Re: [lisp] [Tsv-art] Tsvart last call review of draft-ietf-lisp-rfc6830bis-15

"Brian Trammell (IETF)" <ietf@trammell.ch> Wed, 29 August 2018 09:36 UTC

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From: "Brian Trammell (IETF)" <ietf@trammell.ch>
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Date: Wed, 29 Aug 2018 11:36:33 +0200
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To: Dino Farinacci <farinacci@gmail.com>
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Subject: Re: [lisp] [Tsv-art] Tsvart last call review of draft-ietf-lisp-rfc6830bis-15
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hi Dino,

> On 28 Aug 2018, at 18:49, Dino Farinacci <farinacci@gmail.com> wrote:
> 
>> I'd suggest inserting a new paragraph after paragraph 2 of section 5, something like:
>> 
>> 
>> NEW:
>> 
>> As LISP uses UDP encapsulation to carry traffic between ITRs and ETRs across the Internet, implementors should be aware of the provisions of [RFC8085], especially those given in section 3.1.11 on congestion control for UDP tunneling.
> 
> Consider it added to Section 5 “LISP Encapsulation Details”, last paragraph.

Looks good, thanks!

>> Ah. Okay, so two things:
>> 
>> (1) By "integrity protection" I mean "cryptographic integrity protection", in the sense of "preventing on-path attackers or off-path spoofers from being able to influence ITR/ETR state through crafted LISP headers to the detriment of the traffic of others". Looking over 8061, it seems to only cover confidentiality of the data-plane payload, which is extremely useful but not sufficient to prevent these attacks.
> 
> Well at this point in the generation of LISP, the only text I think to mitigate LISP header corruption is to indicate that a LISP ITR can use an outer IPsec header if protection of the UDP and LISP headers need protection. Or is that not a strong enough statement?

We're talking past each other here, I think.

There are, as I see it, two completely separate problems here:

(1) The document permits/recommends zero UDP checksum on IPv6 outer packets. This leaves the IPv6 header unprotected against inadvertent corruption. To prevent this, LISP should follow the guidelines in section 3.4.1 of 8085, specifically:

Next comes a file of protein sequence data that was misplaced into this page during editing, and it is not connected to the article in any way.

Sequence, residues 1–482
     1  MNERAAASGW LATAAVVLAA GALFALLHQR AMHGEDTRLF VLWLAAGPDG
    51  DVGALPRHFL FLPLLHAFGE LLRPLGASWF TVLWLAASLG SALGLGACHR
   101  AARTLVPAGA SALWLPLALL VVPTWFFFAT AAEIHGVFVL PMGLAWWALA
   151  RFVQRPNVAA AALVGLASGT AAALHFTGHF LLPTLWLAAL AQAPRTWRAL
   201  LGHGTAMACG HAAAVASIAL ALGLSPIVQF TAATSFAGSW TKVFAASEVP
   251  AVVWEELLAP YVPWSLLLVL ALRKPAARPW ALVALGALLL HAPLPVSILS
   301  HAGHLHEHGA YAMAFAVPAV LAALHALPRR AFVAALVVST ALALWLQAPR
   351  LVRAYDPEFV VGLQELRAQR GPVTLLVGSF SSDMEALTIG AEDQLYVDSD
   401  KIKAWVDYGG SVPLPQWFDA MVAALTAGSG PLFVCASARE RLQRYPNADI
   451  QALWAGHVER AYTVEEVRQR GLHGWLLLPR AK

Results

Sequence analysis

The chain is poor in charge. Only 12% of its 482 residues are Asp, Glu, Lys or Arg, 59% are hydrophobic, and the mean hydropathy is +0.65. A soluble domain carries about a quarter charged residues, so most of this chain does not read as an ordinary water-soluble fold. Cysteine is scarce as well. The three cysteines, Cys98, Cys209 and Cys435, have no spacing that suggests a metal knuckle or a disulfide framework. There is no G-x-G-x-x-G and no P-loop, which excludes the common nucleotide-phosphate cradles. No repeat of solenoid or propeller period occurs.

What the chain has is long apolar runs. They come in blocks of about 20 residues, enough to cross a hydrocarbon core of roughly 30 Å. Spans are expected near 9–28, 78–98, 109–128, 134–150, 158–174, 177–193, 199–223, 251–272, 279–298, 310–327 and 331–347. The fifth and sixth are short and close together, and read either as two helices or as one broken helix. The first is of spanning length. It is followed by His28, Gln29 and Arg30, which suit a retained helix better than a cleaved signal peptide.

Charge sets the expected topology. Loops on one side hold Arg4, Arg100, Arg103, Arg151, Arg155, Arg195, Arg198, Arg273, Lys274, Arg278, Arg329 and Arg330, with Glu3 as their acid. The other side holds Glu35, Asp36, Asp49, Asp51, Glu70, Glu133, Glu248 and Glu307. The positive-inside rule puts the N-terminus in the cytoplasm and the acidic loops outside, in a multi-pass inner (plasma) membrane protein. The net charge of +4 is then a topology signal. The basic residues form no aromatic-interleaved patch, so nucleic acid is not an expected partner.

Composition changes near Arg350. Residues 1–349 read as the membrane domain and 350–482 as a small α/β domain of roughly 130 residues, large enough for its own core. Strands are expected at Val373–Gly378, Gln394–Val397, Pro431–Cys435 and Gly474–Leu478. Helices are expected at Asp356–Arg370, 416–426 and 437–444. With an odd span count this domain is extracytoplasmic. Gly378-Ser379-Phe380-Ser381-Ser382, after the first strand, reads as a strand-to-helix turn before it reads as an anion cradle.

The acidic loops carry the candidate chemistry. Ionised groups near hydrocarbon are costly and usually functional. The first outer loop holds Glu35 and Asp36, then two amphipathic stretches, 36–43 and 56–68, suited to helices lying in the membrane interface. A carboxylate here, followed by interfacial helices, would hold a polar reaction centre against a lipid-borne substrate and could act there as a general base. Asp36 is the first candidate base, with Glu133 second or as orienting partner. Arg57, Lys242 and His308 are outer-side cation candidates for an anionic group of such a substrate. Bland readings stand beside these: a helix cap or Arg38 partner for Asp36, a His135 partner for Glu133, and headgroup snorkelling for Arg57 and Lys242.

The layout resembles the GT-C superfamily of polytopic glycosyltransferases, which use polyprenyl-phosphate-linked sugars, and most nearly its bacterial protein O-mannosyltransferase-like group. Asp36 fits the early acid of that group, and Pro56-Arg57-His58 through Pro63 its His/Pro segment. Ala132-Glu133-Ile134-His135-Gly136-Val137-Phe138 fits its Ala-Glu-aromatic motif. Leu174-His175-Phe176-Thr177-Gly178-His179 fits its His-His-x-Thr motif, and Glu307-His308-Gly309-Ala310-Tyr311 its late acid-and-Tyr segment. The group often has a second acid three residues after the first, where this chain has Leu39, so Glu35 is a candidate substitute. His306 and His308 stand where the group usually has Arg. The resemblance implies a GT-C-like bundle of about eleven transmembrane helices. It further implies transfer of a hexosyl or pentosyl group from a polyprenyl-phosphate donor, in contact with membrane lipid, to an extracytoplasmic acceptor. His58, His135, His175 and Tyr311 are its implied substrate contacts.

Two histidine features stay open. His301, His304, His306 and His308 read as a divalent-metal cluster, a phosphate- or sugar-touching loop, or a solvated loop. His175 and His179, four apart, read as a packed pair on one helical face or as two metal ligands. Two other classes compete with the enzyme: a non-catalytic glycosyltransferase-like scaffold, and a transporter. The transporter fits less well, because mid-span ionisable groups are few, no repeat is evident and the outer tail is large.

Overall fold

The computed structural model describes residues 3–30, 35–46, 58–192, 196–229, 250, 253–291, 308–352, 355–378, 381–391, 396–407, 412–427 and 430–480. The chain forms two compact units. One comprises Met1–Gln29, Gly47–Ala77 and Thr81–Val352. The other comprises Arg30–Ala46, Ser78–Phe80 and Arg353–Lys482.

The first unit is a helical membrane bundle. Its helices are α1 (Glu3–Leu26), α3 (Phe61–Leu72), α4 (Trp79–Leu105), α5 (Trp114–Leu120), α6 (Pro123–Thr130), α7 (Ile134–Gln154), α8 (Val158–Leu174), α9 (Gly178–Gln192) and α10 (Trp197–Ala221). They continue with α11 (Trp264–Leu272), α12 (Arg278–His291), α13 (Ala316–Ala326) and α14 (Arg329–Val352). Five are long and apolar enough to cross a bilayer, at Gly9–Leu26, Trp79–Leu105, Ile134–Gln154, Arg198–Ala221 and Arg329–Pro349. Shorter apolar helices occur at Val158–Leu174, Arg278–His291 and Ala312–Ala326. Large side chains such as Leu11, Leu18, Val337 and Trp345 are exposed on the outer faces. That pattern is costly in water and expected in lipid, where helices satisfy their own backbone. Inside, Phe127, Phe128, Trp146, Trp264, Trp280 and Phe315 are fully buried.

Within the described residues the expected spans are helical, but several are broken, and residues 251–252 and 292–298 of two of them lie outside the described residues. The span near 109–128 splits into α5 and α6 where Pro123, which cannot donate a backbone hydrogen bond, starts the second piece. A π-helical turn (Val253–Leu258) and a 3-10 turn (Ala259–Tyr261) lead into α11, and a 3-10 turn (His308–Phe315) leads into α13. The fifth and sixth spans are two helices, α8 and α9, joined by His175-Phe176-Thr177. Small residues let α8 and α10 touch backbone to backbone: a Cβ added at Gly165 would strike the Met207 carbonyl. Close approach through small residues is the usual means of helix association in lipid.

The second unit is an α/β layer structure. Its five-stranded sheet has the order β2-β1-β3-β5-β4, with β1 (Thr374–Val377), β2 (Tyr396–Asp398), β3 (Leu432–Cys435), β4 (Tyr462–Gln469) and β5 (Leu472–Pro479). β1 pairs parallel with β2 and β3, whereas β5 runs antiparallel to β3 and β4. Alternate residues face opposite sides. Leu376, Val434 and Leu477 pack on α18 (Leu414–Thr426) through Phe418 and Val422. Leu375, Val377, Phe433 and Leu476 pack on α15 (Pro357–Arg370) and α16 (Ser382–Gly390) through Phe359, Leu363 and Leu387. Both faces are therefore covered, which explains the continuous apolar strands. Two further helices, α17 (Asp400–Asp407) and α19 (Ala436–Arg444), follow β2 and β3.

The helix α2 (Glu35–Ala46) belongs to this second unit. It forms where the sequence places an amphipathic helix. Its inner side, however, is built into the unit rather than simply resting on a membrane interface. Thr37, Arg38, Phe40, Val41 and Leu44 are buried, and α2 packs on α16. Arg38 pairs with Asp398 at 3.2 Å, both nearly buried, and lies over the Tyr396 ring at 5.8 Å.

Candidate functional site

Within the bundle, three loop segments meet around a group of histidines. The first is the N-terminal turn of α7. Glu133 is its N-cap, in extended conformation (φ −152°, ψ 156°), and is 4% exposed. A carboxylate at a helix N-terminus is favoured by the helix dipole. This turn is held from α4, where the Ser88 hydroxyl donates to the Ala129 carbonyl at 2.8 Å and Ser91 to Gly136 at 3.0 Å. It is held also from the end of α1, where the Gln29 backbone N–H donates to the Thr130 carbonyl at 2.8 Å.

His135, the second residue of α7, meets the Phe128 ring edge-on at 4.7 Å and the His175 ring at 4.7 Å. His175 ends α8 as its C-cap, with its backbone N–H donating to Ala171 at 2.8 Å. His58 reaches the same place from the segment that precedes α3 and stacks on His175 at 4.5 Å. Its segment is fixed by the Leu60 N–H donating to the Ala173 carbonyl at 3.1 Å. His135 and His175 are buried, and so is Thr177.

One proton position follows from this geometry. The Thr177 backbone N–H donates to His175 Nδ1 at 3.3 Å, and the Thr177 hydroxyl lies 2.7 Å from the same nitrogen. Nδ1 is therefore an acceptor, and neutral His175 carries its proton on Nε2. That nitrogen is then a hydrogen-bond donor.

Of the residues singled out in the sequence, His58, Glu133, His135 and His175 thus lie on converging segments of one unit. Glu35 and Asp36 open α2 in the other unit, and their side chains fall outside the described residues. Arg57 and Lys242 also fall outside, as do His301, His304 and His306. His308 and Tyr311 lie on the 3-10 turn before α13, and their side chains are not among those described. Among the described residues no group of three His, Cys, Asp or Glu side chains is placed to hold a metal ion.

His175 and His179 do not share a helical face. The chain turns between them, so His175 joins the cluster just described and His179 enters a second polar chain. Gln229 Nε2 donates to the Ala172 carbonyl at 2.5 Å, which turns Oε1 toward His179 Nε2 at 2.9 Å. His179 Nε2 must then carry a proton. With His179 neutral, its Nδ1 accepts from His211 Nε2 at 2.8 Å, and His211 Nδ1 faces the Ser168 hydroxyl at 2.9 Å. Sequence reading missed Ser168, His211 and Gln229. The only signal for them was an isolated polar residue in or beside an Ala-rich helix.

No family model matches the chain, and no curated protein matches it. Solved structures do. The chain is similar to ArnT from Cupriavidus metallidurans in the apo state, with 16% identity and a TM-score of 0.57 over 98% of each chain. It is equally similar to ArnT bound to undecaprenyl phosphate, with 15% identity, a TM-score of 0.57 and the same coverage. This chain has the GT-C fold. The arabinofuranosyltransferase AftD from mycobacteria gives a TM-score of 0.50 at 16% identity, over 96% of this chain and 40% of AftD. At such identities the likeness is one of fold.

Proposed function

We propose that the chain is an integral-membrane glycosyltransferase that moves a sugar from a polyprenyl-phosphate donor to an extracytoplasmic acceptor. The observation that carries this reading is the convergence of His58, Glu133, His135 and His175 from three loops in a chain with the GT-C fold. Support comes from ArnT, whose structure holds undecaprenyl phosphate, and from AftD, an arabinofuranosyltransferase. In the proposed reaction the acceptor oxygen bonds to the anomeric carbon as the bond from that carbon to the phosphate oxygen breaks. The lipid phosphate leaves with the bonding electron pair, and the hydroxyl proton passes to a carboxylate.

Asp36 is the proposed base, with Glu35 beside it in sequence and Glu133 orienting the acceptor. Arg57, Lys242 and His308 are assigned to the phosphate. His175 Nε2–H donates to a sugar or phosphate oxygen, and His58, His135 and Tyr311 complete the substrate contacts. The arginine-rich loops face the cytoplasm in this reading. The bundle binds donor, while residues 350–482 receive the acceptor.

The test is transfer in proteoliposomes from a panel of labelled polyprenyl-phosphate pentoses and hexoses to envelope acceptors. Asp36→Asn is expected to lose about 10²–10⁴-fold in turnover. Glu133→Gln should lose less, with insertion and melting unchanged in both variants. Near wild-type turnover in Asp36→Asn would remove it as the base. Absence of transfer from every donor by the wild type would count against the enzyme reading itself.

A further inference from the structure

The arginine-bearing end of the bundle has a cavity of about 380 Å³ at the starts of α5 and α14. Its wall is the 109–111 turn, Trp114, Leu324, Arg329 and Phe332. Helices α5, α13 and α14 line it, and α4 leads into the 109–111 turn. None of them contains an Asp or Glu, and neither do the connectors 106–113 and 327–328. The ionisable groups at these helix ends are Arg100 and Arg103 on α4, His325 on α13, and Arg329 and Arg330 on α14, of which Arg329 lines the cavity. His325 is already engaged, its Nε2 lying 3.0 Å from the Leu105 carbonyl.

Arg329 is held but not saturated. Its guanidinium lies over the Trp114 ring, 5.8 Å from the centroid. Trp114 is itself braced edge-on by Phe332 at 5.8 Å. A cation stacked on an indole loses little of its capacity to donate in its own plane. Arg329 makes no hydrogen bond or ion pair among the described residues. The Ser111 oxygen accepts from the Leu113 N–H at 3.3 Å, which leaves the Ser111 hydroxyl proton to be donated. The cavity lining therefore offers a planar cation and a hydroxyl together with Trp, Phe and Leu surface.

Use of the UDP checksum with IPv6 MUST be the default
      configuration for all implementations [RFC6935].  The receiving
      endpoint MUST only allow the use of UDP zero-checksum mode for
      IPv6 on a UDP destination port that is specifically enabled.

and

      A UDP application MUST check that the source and destination IPv6
      addresses are valid for any packets with a UDP zero-checksum and
      MUST discard any packet for which this check fails.  To protect
      from misdelivery, new encapsulation designs SHOULD include an
      integrity check at the transport layer that includes at least the
      IPv6 header, the UDP header and the shim header for the
      encapsulation, if any [RFC6936].

See also Magnus' tsvart review on lisp-gpe; his issue A is basically the same problem.

None of this, however, defends against the second problem:

(2) Any on-path attacker, or any off-path attacker who knows the addresses of the xTRs, can guess the current state of mappings, and can spoof packets from one of them, can send packets with valid LISP headers (and, indeed, valid checksums if they so choose) which will change xTR state in ways which can lead to denial of service conditions. A cryptographic integrity check over the LISP header would prevent the on-path attacks. I *think* the nonce echo functionality can be used to prevent off path attacks, or at least allows an endpoint that suspects it is under attack to challenge

Indeed, the security considerations section (and 7835 on which it is based) acknowledges most of this, and it seems that work is ongoing to fix this (draft-ietf-lisp-sec-15), so I guess you can simply take my comment on the second problem as encouragement to get lisp-sec done (subject, of course, to the warnings in draft-trammell-optional-security-not).

Cheers,

Brian

>> The attacks seem to be well enumerated in 6830bis, but the lack of a stated mitigation beyond "be careful" seems to suggest that the mitigation is "don't use LISP", which is of course less than desirable. I'm trying to understand whether the deployment scenarios envisioned for LISP make these attacks less likely (for instance, because the ITR/ETR path itself is generally cryptographically protected with its own outer tunnel), or whether this is something that this document (or a future companion to 8061) needs to worry about.
> 
> I think so because of 8061.
> 
>> (2) Checksums provide what I'd call "corruption protection". On "setting the outer UDP checksum to zero", please be aware that this may have undesirable interactions with IPv6 headers; see also section 3.4 (Checksum Guidelines) of 8085.
> 
> If we don’t go IPsec route, we go with the checksum route. What do you think? Meaning, that if LISP header protection is desiriable, use UDP checksums.
> 
>> Thanks, cheers,
>> 
>> Brian
> 
> Thanks for the commentary and discussion,
> Dino